This is another guest post by Chris Hoole on the merits of blogging, when done in the right way.
Make him feel welcome by dropping any questions or thoughts in the comment area below this post. 🙂
Ah, the fresh invigorating virtual air of the blogo-shpere; the Internet equivalent of a walk in the country.
Or is it?
Blogging, like any other Internet phenomenon began life as innocent past-time, indulged in by those who had something to say, rather than something to sell.
There have been some spectacular successes as a result of blogging, with some writers finding themselves plucked from the ether of the Internet to the real world of print publishing.
But over the years blogging has, like most other Internet innovations, been hijacked by marketing professionals and turned into a method to ‘monetise’ websites.
This can be great for bloggers looking to earn a living from writing but can pose specific problems. One problem for those looking to use blogging – or any other Internet platform including Twitter and Facebook – is that Internet users are not daft.
They have at least the ability to turn a computer on and to find ‘stuff’ on the Internet.
They are savvy enough to know when they are being advertised at, so simply turning your blog into another sales pitch is unlikely to work. The opposite is probably true – many users when finding themselves ‘sold’ at will click the handy back button.
So how as a writer do you use blogging effectively to engage potential clients?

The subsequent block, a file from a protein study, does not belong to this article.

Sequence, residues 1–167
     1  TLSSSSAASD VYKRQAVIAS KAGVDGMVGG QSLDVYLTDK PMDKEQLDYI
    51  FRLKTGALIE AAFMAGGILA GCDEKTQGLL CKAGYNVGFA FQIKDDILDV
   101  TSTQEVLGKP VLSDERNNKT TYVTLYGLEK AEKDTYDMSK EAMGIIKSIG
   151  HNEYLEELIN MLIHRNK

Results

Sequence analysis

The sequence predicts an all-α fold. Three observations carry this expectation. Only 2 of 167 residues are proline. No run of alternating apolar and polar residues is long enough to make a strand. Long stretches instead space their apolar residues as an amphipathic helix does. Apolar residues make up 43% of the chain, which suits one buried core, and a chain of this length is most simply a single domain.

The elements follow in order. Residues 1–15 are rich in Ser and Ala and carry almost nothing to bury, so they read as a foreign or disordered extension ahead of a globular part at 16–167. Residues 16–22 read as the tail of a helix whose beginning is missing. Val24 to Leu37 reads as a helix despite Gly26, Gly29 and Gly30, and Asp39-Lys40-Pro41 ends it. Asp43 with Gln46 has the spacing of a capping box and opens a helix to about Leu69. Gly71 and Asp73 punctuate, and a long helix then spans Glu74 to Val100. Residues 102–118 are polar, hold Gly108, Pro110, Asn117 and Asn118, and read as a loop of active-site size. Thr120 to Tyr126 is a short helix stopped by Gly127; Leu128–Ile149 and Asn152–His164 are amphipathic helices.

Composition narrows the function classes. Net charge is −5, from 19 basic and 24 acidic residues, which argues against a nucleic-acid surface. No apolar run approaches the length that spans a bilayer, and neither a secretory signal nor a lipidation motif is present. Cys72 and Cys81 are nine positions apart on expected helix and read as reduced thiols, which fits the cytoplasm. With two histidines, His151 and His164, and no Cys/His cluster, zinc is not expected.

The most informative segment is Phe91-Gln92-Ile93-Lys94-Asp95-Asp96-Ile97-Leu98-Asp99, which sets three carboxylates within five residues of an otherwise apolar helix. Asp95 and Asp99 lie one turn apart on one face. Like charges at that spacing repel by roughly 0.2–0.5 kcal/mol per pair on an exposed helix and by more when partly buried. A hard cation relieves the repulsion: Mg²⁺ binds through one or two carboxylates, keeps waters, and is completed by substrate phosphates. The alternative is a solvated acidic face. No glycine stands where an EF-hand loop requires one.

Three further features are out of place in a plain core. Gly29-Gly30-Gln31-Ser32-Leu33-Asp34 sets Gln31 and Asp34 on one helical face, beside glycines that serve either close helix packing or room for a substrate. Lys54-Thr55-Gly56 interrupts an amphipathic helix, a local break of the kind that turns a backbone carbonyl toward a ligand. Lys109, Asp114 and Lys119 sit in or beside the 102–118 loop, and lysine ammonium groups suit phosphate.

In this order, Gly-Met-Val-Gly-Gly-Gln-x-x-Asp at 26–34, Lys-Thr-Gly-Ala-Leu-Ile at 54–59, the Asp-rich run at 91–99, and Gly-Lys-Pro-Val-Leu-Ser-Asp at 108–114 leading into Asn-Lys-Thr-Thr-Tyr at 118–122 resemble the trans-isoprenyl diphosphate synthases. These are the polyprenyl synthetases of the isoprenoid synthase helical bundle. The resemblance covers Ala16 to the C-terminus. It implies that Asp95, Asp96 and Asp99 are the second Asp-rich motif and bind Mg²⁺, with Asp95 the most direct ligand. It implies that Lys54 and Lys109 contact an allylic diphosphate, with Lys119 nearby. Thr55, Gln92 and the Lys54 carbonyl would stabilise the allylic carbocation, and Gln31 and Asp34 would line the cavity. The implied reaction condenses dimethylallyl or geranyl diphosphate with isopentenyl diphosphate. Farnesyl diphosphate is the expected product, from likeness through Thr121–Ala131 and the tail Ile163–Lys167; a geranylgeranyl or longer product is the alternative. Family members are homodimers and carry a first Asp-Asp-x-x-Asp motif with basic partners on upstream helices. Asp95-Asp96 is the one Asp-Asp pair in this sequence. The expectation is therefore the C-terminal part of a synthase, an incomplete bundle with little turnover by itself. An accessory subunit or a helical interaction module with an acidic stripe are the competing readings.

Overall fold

A Little Light History
Some people will tell you that blogging is new. Even my spell check holds that opinion; OK the word is new, the act, however, is anything but.
Samuel Pepys (1633 – 1703) is a good early example of an off-line blogger, one who would certainly have been on-line had he had the chance.
During the 18th century the anonymous pamphlet got just about everywhere. In some cases these pamphlets set the world on fire. Ideas were circulated that helped to spread the American and the French Revolutions, bringing down monarchies and changing the political landscape forever.
Twitter and Facebook have been identified as the big movers and shakers in the current Arab spring, just as the printed pamphlet was over 200 years ago. The only difference is that things happen a bit quicker – and haven’t been quite so bloody this time round.
But what has this to do with those of us who pursue a life of SEO copywriting?
We aren’t in most cases out to overthrow our governments – although some of us may pursue that as a side-line – but when it comes to blogging for SEO purposes, we are simply trying to sell. Ultimately I think it’s important to see blogging as part of an older tradition in order to understand the power it holds.
Good writing captures imaginations and has done for centuries; as they say – the pen is mightier than the sword.
Once you understand the power that blogging holds, it’s easier to write effective copy. The first rule of selling via a blog is not to sell. This can be harder than you think and difficult to explain to some clients!
Blogging should be about engaging visitors to a site and encouraging them to return. Normally they will have to click through at least a homepage to get to your captivating, humorous or informative blog.
In many ways blogging is best understood as being very similar to ‘product placement’ on TV.
Most blogs for businesses will need to reflect the core products or issues around the company while avoiding the obvious temptation to sell.
For users, a good, informative, well written blog will be one they are keen to return to.
For those running websites a blog is perhaps their most effective tool to gain trust and promote interest in the rest of their site.
For copywriters, blog writing can be a great experience, not only a good way to earn money from your writing but one that provides an opportunity to be more creative and expressive than other forms of paid online writing.
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